Front Page Titles (by Subject) 115.: grenfell to ricardo1 - The Works and Correspondence of David Ricardo, Vol. 6 Letters 1810-1815
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115.: grenfell to ricardo1 - David Ricardo, The Works and Correspondence of David Ricardo, Vol. 6 Letters 1810-1815 
The Works and Correspondence of David Ricardo, ed. Piero Sraffa with the Collaboration of M.H. Dobb (Indianapolis: Liberty Fund, 2005). Vol. 6 Letters 1810-1815.
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First published by Cambridge University Press in 1951. Copyright 1951, 1952, 1955, 1973 by the Royal Economic Society. This edition of The Works and Correspondence of David Ricardo is published by Liberty Fund, Inc., under license from the Royal Economic Society.
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grenfell to ricardo1
Spring Garden Friday 8 Sept: 1815
My dear Sir
I have received your Letter of the 2d. and all my Papers safely returned. I find too my Allardyce here—And my Bookseller has, after much difficulty, he says, found another Copy for you—which he has sent to me—and which I have dispatched to your House in Town—from whence you may order it into the Country, if you desire to have it before you come to Town.
The old Duty on £1- Notes was 4d and on £2 Notes—8d The new Duty - - 5 – – 10 in other words the old Duty was at the rate of 4d in the £1- the new - - at the rate of 5d - -
The next Class comprizes Notes above £2—and not exceeding £5. and the old Duty hereon was 1/- the new 1/3.
Notes therefore of £3- or £4- would be subject to the same Stamp Duty as Notes of £5- that is 1/ for old—1/3 for new Duty—But in point of Fact neither the Bank of Eng. nor private Bankers (so far [as]2 I have been informed) have ever issued Notes of £3- or of £4-
If £20000 (the Composition of 1799 for Notes above £2) was admitted as a fair and just equivalent for Notes of this Class upon the then Circulation, the Duty of 1804 being 50 p Ct would necessarily have carried that Composition to £30,000—And again the Duty of 1808 being 33 p Ct. would have carried £30000- to £40,000.—even supposing the Circulation of Notes of this Class not to have increased— (an Increase however of some millions took place in point of Fact)—Observe this applies only to Notes of £5- and upwards—and excludes all Duty on Notes under £5-
Instead however of the Bank paying £40000—for their Notes of £5 and upwards—and a fair Composition for Notes of the Class under £5 (which Class is more productive of Duty than all the other Classes together) they have paid since 1808 Only £42000 for all their Notes—!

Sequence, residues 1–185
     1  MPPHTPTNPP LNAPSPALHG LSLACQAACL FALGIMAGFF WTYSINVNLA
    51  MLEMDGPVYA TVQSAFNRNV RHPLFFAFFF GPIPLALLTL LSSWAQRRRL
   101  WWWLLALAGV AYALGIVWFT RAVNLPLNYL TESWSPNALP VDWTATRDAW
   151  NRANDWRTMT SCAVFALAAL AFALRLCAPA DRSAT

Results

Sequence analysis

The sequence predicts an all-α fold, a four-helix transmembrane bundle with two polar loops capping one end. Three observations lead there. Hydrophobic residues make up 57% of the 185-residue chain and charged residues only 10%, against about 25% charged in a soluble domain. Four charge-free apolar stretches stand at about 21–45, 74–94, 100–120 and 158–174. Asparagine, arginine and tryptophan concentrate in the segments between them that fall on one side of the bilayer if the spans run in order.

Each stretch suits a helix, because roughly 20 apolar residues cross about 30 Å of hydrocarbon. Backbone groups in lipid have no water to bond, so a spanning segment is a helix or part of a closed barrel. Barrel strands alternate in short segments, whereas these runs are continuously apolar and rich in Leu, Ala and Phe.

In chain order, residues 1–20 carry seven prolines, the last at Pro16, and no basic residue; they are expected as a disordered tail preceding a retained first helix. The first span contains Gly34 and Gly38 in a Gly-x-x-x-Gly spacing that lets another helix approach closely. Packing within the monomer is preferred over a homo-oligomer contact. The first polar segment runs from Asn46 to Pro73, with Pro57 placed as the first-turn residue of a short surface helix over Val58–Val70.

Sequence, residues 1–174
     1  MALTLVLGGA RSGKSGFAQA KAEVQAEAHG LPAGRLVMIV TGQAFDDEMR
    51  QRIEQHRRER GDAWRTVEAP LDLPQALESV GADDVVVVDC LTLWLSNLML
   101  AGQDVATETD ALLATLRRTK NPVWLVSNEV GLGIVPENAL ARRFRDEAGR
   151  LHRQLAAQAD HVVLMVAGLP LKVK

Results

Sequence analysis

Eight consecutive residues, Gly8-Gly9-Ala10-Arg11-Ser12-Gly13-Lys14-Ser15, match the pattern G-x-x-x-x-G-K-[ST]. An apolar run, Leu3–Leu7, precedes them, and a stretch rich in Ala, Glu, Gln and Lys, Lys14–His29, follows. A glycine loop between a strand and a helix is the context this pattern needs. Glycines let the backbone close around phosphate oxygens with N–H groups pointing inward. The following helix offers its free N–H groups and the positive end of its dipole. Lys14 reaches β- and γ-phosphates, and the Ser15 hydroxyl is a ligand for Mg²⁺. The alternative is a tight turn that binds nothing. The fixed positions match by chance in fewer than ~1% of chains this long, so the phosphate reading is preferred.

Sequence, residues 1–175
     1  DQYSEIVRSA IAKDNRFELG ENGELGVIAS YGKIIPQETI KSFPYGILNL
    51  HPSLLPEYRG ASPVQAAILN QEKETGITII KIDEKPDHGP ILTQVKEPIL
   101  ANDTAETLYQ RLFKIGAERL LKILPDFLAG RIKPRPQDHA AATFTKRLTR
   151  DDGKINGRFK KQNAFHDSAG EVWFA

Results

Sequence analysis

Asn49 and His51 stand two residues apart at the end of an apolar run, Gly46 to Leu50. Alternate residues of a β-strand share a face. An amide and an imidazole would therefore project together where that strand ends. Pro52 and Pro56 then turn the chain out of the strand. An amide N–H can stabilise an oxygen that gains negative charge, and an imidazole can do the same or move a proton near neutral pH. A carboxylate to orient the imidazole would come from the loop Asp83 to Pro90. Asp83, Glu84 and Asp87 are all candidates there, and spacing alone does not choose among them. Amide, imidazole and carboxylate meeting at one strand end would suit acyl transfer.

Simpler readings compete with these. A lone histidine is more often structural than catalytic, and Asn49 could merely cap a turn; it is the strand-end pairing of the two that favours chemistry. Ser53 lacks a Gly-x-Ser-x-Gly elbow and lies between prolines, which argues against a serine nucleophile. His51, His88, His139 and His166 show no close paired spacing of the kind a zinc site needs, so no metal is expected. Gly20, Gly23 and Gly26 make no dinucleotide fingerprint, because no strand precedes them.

By this shameful neglect on the part of Government—in 1804—and 1808—the public Revenue has suffered and the Bank pocketted £535.000!
The Composition fixed by the Act of last Session1 is upon this principle—that upon the Average Circulation of three preceding years, they are to pay at the rate of £3500 million —without reference to the Classes or Value of the Notes of which that aggregate Circulation may consist. The Bank produced therefore during the Discussion, the enclosed Account2 —making an average of 25.102.600. and upon this average they will pay this year about £87,500.
I contended that they ought to pay upon their average Circulation of the last Year—which would have made the Composition £99572—exclusive of their Bank Post Bills, but I was beat (for I divided the House upon it) in a very thin House, by a small Majority.3
Next year the average will be taken upon 3 Years including this Year, and the Duty will of course vary annually1 —
Have I made the subject intelligible to you?
I am ever My dear Sir Most truly Yours
David Ricardo Esq
[1 ]MS in R.P.
[2 ]Omitted in MS.
[1 ]The Stamp Duties Act of 1815 (55 Geo. III, c. 184).
[2 ]‘An Account of the Average Amount of Bank Notes in Circulation, including Bank Post Bills; for the Three Years ending the 5th April 1808, and for the Three Years ending the 5th April 1815’; ordered by the House of Commons to be printed, 13 June 1815. (Parliamentary Papers, 1814–15, vol. x.)
[3 ]See debate on 29 June 1815, in Hansard, XXXI, 1057 ff.
[1 ]Ricardo uses the last three paragraphs in Economical Currency, above, IV, 95.